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Looking Forward to Shenzhou 10
by Robert Christy FBIS,
Scarborough, UK (SPX) Jul 26, 2012

There are two short periods on any particular day of the year where conditions are just right for Shenzou to touch down.

Even as Shenzhou 9 undocked from Tiangong 1, and before it returned to Earth, the Beijing Aerospace Control Centre was starting preparations for the Shenzhou 10 mission. Within a few hours of departure, Tiangong 1 had fired its thrusters to trigger a move to a higher orbit while awaits the next visitor. The move echoed what had happened after Shenzhou 8's departure late-2011.

Tiangong was being 'parked' in an orbit with a height that would ensure that the small amount of air drag it experiences will bring it down to Shenzhou operating altitude about the time China has in mind for the next docking mission.

This time, Tiangong did not go as high as it did after Shenzhou 8, indicating that the aim is for a shorter time between launches. The wait for Shenzhou 9 started at 375 kilometres altitude, for Shenzhou 10 it is 360 kilometres.

Tiangong will be back to rendezvous altitude early in December this year.

When in December?
The time of day at which Shenzhou can land safely is controlled by the direction from which it sees the Sun on the last day in orbit. It varies with the Earth's seasons and moves earlier and later as the year progresses. (see main story image)

There are two short periods on any particular day where conditions are just right.

For the Shenzhou 1 through 7 missions a launch could have been undertaken on any day, with lift-off being set by the time the ground track would be passing through the landing area on the mission's final day.

With Shenzhou 8 and 9, where rendezvous with Tiangong 1 was involved, launch had to be at a time when the chasing spacecraft could get into the space laboratory's orbit plane and still meet the on-orbit solar lighting requirement on the last day in space. For a given mission length. The two requirements lead to a pair of five-day windows recurring every couple of months, and bring about a certain level of predictability.

For a thirteen day mission, like Shenzhou 9, the end of year windows for 2012 run November 27 through December 1 and December 12 though December 16. For a 21 day flight, equivalent dates are November 19 through November 24 and December 5 through December 9. Whatever the mission duration, the dynamics of the standard Shenzhou operational orbit dictate that it will be an odd number of days, barring in-space emergencies.

As Tiangong's orbit decays, a small re-adjustment can steer it towards either window of the pair. At present the date is NET, "no earlier than", in NASA parlance. If China decides to run the mission later then a small upward adjustment in the Tiangong orbit will set it up for the next pair of launch windows that open late-January 2013.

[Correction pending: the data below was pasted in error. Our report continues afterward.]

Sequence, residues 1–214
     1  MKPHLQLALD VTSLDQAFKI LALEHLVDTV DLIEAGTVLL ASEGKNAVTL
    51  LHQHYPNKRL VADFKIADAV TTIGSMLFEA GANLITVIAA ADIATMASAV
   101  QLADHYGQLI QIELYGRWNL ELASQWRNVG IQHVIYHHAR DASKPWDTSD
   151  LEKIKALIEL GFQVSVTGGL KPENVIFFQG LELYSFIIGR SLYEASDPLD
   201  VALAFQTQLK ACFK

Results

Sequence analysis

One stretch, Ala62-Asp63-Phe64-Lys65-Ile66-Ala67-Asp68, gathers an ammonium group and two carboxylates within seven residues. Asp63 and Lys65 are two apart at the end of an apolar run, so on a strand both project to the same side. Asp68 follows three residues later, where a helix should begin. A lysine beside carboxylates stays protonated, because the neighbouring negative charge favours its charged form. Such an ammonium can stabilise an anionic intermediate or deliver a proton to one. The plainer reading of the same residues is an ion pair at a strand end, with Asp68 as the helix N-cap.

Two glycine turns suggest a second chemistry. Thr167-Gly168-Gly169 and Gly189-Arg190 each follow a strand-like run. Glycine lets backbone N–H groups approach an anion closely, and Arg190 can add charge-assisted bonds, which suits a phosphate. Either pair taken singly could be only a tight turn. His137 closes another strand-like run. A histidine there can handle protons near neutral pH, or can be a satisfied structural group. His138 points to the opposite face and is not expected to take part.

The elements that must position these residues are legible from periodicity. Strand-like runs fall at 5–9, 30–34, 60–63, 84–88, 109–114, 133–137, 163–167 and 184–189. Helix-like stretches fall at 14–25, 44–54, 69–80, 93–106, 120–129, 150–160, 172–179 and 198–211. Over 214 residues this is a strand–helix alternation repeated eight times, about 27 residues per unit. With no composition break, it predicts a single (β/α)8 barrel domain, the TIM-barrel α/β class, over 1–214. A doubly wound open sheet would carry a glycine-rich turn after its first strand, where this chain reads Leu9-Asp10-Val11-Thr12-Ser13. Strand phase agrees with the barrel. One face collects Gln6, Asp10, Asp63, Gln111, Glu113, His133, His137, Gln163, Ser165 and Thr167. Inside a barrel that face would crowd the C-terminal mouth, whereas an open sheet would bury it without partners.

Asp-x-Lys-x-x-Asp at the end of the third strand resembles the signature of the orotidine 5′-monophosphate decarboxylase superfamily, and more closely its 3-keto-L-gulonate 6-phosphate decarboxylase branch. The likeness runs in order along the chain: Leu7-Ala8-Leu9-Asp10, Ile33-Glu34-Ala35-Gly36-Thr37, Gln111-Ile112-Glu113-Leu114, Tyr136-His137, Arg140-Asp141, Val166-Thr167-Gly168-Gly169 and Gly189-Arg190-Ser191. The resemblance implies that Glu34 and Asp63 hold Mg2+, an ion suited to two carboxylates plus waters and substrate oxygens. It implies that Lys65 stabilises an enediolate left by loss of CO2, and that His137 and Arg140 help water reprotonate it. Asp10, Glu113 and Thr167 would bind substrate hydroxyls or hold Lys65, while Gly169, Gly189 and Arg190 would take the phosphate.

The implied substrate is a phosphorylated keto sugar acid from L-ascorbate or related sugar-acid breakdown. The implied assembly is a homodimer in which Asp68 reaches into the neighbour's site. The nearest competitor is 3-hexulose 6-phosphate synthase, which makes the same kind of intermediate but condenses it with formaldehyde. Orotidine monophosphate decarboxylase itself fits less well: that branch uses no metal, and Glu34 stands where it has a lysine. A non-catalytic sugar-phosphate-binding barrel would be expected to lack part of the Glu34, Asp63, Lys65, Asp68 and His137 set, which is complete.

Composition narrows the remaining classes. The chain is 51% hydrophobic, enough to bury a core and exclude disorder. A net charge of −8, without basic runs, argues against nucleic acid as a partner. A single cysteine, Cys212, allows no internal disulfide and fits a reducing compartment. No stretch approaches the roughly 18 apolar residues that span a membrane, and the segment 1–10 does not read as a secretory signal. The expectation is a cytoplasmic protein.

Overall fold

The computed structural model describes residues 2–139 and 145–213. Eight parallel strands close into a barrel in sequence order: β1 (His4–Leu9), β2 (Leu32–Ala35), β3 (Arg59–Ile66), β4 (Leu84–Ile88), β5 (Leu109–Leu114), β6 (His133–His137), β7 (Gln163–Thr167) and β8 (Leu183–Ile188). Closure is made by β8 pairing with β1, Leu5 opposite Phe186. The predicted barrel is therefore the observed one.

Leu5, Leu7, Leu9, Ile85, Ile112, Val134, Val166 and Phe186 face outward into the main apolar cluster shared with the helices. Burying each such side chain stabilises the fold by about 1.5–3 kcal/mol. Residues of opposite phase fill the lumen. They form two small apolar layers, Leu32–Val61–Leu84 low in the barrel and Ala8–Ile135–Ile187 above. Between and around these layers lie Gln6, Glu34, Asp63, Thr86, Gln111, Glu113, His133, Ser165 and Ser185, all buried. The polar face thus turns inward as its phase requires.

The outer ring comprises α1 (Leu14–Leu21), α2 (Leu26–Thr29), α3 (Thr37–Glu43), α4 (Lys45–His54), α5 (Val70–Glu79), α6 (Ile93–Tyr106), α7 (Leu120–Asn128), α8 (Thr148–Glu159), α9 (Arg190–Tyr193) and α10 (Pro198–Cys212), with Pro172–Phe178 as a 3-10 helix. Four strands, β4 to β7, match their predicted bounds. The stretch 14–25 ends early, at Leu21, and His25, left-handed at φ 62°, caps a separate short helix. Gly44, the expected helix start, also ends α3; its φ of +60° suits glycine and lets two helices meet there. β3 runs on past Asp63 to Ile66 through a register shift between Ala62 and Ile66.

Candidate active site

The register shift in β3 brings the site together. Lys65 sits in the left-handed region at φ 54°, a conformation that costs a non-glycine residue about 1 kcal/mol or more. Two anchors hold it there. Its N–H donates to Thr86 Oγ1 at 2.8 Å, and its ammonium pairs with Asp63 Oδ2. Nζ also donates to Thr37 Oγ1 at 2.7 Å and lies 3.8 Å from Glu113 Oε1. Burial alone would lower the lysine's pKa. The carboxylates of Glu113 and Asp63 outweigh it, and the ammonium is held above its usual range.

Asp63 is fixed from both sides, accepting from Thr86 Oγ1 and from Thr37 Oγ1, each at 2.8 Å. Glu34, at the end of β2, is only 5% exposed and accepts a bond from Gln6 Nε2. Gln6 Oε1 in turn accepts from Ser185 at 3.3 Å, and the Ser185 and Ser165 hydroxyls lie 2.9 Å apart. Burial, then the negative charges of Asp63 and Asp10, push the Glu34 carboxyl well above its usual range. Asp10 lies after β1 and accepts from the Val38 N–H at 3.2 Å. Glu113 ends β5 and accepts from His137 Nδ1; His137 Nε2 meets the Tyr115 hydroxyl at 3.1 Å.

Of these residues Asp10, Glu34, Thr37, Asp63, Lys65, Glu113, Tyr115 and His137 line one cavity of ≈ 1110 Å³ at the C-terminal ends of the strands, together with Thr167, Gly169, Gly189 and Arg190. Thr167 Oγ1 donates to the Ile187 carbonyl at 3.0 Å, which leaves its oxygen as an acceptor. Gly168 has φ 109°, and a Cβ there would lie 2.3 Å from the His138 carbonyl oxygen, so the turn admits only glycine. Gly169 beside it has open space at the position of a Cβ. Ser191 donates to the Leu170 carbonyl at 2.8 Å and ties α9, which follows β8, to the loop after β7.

China's Candour
In some respects, China has been very open in dealing with the two Tiangong docking missions. Major events were covered briefly, but reasonably well, by both internal and external news services, and there was extensive real-time broadcasting on TV and via webcasts.

In the UK, the local free-to-air satellite-based TV service carried live programmes in English on the CCTV news channel. Mission events were described in detail, as they happened, by knowledgable experts in the studio. Video from orbit was shown as it came in.

In contrast, China tends to be less open in the run-up to a mission. Some events like transport of the spacecraft and launcher from the Beijing factories to the Jiuquan launch site are reported, but mission details like duration and crew names are officially held back until the last moment. Consequently, they tend to arrive in advance by 'leak' and have to be treated with caution.

Right up to the time the Shenzhou 9 crew was presented to the world, some 'experts' claiming to know the names for certain were reporting a different group of people. They then seemed surprised when crew selection was made on practical grounds rather than in accordance with bureaucratic rules.

With Shenzhou 10, some information may turn up that will give away the mission length, and there will be other clues. A major one will be when the Long March launch vehicle is moved from Beijing. On arrival at Jiuquan, it will be assembled to a project plan that has already been used for earlier missions so there will be a fair degree of certainty as to when it will be ready, and hence the likely launch date.

As December approaches, it will become more obvious whether one of that particular pair of windows will actually be used, and there will be indications of which one. Release of the launch date or mission duration will point to the detailed timetable.

The Tiangong 1 orbit is very predictable provided the vehicle makes no significant manoeuvres, even down to the level of being able to say that a 13 day flight in the later of the two windows is likely to be aimed for launch on December 12 at 22:03 UTC (give or take five minutes).

Up to date summaries, including links to appropriate Chinese sources, can be found on this page


Related Links
Shenzhou 10 at Zarya
The Chinese Space Program - News, Policy and Technology
China News from

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